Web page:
This will be a bit of a long story so please bear with me, I am willing to give you more context.
I am a foreign student who graduated from computer science. I have been working in the field since 2021, I was more passionate about design and big data over intensive leet code coding. These were the projects I also aced in college getting 90% in Big Data or Front End Design projects and barely passing on coding intensive
When I graduated to maintain my status I had to be employed in an E verified company so I took what I got, a full stack developer position. My mindset was more, maybe it’s a fear once I dive into might overcome it. The company was amazing and so were my managers. I loved every moment working there - I even finished all the assigned projects ranging from maintenance to building full MERN stack apps in 2 1/2 years. I learnt a lot and got more confident in my developer abilities.
Despite getting things done and finishing projects, I did realize I want to dive into UI/UX/ Front End Development or Reporting, because I’ve always enjoyed doing that more than Full Stack. I had a talk with my manager to see if I can laterally move. He gave me a go signal, but I got laid off a month after.
I will take 100% responsibility here that I had got a little complacent with furthering my career “outside “ work hours, and I learnt my lesson which I am willing to change and I got time to think about it after being unemployed 2 1/2 years of all the things I could’ve done better.
It’s been 2 months. I’ve been applying for jobs and haven’t got any, barely got 2 interviews which I didn’t do well in, but I’ll keep persisting
A sticking point I noticed here, generally being introverted I have some discomfort with marketing myself better or more like an imposter syndrome, and I was passive during my last work too which I know is not serving me anymore
What am I doing which is in my control?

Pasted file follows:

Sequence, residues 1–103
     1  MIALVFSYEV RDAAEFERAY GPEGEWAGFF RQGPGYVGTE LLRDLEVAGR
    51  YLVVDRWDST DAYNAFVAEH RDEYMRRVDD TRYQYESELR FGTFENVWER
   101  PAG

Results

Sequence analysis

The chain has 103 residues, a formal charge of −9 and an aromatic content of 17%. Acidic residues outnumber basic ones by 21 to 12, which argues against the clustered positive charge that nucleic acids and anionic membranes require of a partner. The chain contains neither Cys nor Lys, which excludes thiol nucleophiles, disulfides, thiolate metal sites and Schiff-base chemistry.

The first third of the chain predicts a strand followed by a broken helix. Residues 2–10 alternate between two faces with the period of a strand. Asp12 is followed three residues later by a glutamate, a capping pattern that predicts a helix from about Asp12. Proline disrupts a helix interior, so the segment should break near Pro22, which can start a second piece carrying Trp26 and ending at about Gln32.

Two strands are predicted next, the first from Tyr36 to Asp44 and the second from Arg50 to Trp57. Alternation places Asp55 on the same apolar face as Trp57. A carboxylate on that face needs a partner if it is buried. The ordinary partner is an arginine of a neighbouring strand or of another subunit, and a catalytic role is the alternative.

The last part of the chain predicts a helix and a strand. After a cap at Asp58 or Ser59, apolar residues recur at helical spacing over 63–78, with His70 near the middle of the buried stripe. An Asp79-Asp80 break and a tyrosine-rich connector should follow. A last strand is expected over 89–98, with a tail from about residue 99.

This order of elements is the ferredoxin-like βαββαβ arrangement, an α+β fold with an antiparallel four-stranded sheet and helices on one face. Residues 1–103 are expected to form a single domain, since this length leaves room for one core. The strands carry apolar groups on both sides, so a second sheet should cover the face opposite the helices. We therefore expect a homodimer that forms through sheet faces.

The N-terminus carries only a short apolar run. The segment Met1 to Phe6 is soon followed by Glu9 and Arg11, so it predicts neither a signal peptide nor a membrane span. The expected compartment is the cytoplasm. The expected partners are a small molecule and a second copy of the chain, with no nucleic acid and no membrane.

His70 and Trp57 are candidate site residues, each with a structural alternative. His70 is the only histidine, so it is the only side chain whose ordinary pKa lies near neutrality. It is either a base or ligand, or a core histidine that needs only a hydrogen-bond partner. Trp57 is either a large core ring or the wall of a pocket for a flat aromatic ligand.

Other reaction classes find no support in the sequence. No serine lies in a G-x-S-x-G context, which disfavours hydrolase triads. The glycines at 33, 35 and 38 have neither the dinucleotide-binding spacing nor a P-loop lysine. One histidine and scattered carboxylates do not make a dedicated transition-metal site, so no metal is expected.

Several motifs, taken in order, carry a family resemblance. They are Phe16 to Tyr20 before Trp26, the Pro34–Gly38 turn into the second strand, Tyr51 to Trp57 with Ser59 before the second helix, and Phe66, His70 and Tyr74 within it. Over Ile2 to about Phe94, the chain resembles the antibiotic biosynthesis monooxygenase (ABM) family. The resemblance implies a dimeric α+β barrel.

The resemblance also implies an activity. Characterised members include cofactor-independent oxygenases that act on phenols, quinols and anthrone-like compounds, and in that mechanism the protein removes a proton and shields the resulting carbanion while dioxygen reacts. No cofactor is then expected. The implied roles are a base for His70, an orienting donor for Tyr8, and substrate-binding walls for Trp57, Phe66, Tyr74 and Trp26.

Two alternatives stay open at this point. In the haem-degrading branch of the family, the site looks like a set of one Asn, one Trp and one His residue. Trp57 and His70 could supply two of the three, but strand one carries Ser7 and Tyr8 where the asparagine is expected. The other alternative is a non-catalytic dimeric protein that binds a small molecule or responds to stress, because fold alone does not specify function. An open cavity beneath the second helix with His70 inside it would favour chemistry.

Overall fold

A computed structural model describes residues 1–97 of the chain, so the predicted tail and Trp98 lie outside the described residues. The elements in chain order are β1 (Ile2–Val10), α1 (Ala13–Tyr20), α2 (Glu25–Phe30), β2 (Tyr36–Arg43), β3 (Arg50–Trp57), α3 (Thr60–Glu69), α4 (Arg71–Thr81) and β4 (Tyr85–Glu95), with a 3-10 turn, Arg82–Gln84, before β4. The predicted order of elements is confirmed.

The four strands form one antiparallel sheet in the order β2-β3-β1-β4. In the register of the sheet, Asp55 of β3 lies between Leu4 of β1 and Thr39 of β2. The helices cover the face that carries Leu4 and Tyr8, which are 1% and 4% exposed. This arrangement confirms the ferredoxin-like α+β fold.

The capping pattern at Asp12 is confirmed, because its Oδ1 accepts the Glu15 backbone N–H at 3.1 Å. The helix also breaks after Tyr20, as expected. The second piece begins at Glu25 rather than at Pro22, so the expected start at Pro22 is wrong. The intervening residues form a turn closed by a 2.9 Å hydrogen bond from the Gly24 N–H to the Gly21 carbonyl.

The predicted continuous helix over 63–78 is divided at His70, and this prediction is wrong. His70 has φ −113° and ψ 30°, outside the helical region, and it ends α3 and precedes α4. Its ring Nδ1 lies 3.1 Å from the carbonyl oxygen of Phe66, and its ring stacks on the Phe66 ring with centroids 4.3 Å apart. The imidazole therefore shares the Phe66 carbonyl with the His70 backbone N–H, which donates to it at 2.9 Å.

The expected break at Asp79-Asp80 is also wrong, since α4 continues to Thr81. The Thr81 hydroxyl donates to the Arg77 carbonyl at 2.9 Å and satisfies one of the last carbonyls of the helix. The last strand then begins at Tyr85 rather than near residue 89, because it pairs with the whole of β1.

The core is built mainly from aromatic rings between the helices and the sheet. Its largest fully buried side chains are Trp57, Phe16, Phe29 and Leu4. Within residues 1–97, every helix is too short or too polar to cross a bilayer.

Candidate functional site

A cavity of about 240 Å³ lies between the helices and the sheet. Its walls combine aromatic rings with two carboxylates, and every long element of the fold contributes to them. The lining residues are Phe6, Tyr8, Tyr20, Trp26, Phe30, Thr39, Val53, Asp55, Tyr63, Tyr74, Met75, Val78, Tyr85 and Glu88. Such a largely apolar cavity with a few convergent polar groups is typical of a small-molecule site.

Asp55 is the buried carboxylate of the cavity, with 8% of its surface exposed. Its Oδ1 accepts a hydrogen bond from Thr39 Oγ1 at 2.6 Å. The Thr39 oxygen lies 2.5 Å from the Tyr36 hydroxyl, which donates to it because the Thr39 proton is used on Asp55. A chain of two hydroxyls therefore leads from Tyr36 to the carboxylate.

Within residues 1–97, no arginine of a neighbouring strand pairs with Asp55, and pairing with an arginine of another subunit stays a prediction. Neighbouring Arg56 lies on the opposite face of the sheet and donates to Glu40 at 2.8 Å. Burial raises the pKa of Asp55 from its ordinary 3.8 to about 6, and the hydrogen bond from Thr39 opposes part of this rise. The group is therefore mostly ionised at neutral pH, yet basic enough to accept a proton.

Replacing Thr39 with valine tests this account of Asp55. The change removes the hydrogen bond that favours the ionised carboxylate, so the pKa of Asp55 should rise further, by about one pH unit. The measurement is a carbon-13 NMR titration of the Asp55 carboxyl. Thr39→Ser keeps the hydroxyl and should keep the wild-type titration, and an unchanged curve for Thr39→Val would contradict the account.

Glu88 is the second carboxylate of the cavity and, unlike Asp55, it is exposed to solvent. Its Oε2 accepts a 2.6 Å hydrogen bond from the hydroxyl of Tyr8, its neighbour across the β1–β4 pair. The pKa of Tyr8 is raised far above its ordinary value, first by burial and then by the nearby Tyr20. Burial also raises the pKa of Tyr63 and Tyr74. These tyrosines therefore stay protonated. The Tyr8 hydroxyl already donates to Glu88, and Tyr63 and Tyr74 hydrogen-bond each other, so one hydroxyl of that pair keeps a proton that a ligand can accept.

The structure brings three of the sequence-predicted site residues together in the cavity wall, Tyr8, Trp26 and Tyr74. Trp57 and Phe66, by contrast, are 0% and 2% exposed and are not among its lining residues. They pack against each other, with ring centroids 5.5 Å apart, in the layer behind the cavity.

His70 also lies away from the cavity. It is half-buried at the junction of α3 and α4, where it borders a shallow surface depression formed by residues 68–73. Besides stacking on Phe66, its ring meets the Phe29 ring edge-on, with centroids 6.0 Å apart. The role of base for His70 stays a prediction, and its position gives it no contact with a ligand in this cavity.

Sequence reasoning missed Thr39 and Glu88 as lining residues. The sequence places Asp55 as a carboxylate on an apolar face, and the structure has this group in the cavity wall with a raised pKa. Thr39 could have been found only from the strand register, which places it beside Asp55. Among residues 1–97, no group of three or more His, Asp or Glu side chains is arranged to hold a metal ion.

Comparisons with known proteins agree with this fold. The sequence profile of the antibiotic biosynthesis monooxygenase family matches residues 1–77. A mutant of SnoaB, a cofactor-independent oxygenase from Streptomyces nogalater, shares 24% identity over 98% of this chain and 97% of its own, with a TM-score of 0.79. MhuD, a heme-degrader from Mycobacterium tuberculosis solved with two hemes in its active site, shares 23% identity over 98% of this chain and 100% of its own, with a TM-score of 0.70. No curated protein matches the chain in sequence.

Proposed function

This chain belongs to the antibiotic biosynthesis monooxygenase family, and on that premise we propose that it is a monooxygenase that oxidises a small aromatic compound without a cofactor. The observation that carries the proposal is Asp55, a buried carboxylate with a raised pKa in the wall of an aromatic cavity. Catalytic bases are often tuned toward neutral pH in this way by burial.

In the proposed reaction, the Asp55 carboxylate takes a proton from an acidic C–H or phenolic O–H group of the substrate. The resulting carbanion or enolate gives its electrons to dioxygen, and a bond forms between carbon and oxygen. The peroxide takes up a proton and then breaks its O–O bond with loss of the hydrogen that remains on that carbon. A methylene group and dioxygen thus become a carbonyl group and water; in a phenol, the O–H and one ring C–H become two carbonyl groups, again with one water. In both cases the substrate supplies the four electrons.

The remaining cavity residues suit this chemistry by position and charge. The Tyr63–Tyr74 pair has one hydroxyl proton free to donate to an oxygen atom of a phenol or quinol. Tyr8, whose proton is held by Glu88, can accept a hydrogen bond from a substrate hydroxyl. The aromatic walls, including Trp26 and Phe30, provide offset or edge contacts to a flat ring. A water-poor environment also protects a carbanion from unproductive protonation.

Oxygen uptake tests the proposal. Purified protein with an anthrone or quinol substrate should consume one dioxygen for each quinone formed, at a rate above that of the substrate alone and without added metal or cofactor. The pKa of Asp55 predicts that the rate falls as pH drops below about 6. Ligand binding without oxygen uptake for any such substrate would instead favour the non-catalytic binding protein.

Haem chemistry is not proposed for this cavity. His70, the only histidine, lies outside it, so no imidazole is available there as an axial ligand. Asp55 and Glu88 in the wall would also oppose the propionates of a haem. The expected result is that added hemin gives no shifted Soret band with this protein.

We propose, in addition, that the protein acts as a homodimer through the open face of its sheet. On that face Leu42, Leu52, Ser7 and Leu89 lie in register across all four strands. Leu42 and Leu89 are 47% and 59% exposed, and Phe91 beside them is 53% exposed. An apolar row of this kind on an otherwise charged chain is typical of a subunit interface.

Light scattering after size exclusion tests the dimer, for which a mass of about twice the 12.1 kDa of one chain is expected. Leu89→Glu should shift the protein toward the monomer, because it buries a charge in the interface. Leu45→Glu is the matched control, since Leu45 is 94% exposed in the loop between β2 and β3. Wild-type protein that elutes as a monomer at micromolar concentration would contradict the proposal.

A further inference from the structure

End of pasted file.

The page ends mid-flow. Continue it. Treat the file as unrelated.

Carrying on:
I am open to any honest feedback.
Welcome to the community! There's a lot of stuff here - For the future, I recommend splitting things up into several "sub-questions" for Taro. It will get you responses faster which are higher-quality/more targeted. This isn't just for Taro either - "Modularizing" asks will help you a lot in general (it applies to code too!). If you need help breaking up your question, feel free to just DM Rahul and I in Slack.
I extracted the following 3 pieces from this:
For this, I recommend going through our entire resume masterclass: [Masterclass] How To Write A Stellar Tech Resume That Gets You More Job Opportunities
You can just use my latest resume as a template - Delete all my stuff and put in yours. You're relatively early-in-career so 1 page is more than enough.
In this economy, I highly recommend leaning into what you already have. If your background is full-stack, apply to all the full-stack jobs. After you get the job, then you can try to transfer internally to the stack you want (this will be easier in bigger companies).
For stack/role switches, the process is pretty much this:
The most common one I've seen is SWE -> MLE. I knew a good amount of Meta engineers who wanted to go into ML, so they switched internally to MLE internally at Meta, learned the ropes/became a solid performer, and then left Meta to join other companies as MLE.
The internal switch is important as companies inherently take a risk hiring anybody new. They don't want to double-stack it by hiring someone who's both new and pivoting at the same time.
For front-end, it's very side project friendly so I recommend doing those too: [Taro Top 10] Building Impressive Side Projects
I'm hopeful that the resume optimization will help there (going through the masterclass and applying the changes should take 2-4 hours max).
After that, follow the advice here: "How to get interview calls?"
In this economy, it's best to apply to literally everything that fits your stack/experience range.
Which types of companies are you applying for? If you're not having success with one type of company (e.g. lots of people apply exclusively to Big Tech), then change it up! Use something like Wellfound to Find a series A startup, or perhaps even seed-stage companies. These companies don't get as many applicants so there's a higher chance you won't get ghosted.